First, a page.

10 March 1905: Arsenal, Chelsea, Tottenham and the battle of the grounds


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By Tony Attwood

On this day Chelsea FC were founded.

And why, you may quite reasonably ask, should that be of interest to us?  Well, it is interesting given that some Tottenham fans still argue that Arsenal somehow tricked or bribed their way into the first division in 1919.

The fact that this is not so, has been shown in enormous detail on the AISA Arsenal History Society site – if you ever want to read the full story it starts at The first suggestion that Arsenal could be elected to the 1st division.

There’s a lot of it, but that is because we bring in a huge amount of evidence, rather than the generalised “Arsenal must have bribed their way in” that many books and sites use.

Now I mention this because Chelsea’s arrival in the league is much more curious than Arsenal’s arrival in the first division over 100 years ago, and yet it doesn’t get mentioned.  However one of the totally legitimate things that Chelsea did, had a huge impact on Henry Norris, the man who guided Arsenal to Highbury and to the 1st Division.  And so it’s worth noting.

Chelsea in fact are one of only three teams (Bradford City and Thames were the only other two I know about) who were simply given a place in the league for reasons that had nothing to do with their football related achievements.

In 1904 the Mears brothers bought the freehold of Stamford Bridge Athletics Ground as a speculative venture when the previous owner died.  Their aim was to get Henry Norris, then a director at Fulham to move that club to the ground.   Norris did indeed announce in 1904 that Fulham was leaving Craven Cottage, although this may well have just been a ploy to get the rent on his ground (owned by the Church Commissioners) reduced.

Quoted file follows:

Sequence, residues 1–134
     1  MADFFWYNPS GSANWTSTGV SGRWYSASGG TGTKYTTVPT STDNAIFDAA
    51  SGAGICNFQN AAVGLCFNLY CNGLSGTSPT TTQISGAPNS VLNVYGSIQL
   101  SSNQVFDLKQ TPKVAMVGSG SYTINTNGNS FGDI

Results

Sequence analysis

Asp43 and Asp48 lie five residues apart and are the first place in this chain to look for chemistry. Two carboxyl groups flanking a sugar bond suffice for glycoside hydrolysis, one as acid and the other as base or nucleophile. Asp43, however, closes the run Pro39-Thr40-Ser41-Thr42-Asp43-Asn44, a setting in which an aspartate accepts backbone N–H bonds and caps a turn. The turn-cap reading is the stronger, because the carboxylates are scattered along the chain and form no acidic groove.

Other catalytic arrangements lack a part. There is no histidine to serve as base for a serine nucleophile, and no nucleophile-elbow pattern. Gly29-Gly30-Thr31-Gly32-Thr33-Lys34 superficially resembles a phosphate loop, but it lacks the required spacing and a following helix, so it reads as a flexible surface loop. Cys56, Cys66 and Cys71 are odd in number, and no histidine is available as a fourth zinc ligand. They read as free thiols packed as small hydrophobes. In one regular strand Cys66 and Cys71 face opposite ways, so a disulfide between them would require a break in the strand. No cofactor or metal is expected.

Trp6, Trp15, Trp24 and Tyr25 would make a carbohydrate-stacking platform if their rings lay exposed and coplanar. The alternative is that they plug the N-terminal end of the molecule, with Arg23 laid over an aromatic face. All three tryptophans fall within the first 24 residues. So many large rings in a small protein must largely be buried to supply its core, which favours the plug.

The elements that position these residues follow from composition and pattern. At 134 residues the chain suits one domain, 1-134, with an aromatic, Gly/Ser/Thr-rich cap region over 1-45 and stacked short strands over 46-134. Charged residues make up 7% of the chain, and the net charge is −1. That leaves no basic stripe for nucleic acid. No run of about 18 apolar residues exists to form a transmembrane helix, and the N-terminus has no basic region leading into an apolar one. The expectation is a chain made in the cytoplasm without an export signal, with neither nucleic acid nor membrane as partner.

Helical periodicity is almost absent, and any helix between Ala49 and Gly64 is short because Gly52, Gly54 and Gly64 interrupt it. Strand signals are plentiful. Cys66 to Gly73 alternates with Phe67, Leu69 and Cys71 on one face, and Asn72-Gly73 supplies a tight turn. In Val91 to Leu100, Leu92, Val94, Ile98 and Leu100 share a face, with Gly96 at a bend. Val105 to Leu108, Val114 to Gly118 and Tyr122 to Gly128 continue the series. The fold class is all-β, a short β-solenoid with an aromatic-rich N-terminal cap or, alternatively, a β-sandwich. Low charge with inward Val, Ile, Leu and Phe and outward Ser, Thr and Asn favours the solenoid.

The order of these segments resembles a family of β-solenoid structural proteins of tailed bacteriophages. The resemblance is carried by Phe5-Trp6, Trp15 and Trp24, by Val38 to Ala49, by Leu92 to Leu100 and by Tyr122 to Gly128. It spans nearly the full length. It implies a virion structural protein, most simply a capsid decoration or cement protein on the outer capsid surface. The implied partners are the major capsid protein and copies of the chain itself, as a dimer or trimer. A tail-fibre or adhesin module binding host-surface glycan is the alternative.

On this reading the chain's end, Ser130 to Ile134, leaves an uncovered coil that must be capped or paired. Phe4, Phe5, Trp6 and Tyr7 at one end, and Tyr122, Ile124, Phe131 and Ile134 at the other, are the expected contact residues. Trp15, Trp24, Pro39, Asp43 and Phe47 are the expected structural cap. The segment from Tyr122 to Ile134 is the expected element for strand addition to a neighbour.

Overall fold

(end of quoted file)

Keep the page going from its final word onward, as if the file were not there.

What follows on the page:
When Fulham did a new deal with the church for a lower rent on the Cottage the Mears brothers did a deal with Great Western Railway who wanted the Stamford Bridge site as a coal dump.  However the owners then reneged on that deal and decided they could make more money out of returning to their thoughts of it being used by a football club.   (There is a story, almost certainly untrue, about a dog causing the change of mind, but there’s no real evidence of anything quite so bizarre. Money was almost certainly the key).

So Chelsea Football Club were founded on 10 March 1905 and they applied to play in the Southern League.  Tottenham objected – which was bizarre in the extreme, and shows the oddity of Tottenham’s approach at the time.  There was no reason why the existence of Chelsea in the Southern League could hinder Tottenham, and the objection was well noted when Arsenal moved to Highbury in 1913.   “Tottenham object to everything” was the call, and the club’s attempt to stop Arsenal moving to north London in 1913 was treated with derision.  Tottenham in fact, shot themselves in both feet, in their attempts to make themselves the one and only Southern League club in London (Arsenal at the time already being in the Football League).

Stuck with a ground and no league to play in Chelsea applied for a place in the Football League, and got in as the League wanted to extend its influence at the expense of the Southern League – so having more London clubs in was helpful.   Certainly, Chelsea had a big (although not very well built) ground.

Despite a lack of real success, the crowds did indeed turn up, and the first Chelsea v Arsenal match got 55,000 in the ground.

Henry Norris certainly noted this success of placing a very large stadium in the heart of a residential area, and that had an enormous influence on his drive to move Woolwich Arsenal from Plumstead to Islington eight years later.

The Arsenal History Society is part of the Arsenal Independent Supporters Association – a body which gives positive support to the club and has regular meetings with directors and senior officials of the club to represent the views of its members to the club.  You can read more about AISA on its website.

100 Years in the First Division: the absolute complete story of Arsenal’s promotion in 1919.

Details of other series can be found on our home page and on the column on the right side of this page.   In particular, you might like to note…

Henry Norris at the Arsenal:  There is a full index to the series here.

Arsenal in the 1930s: The most comprehensive series on the decade ever

Arsenal in the 1970s: Every match and every intrigue reviewed in detail.

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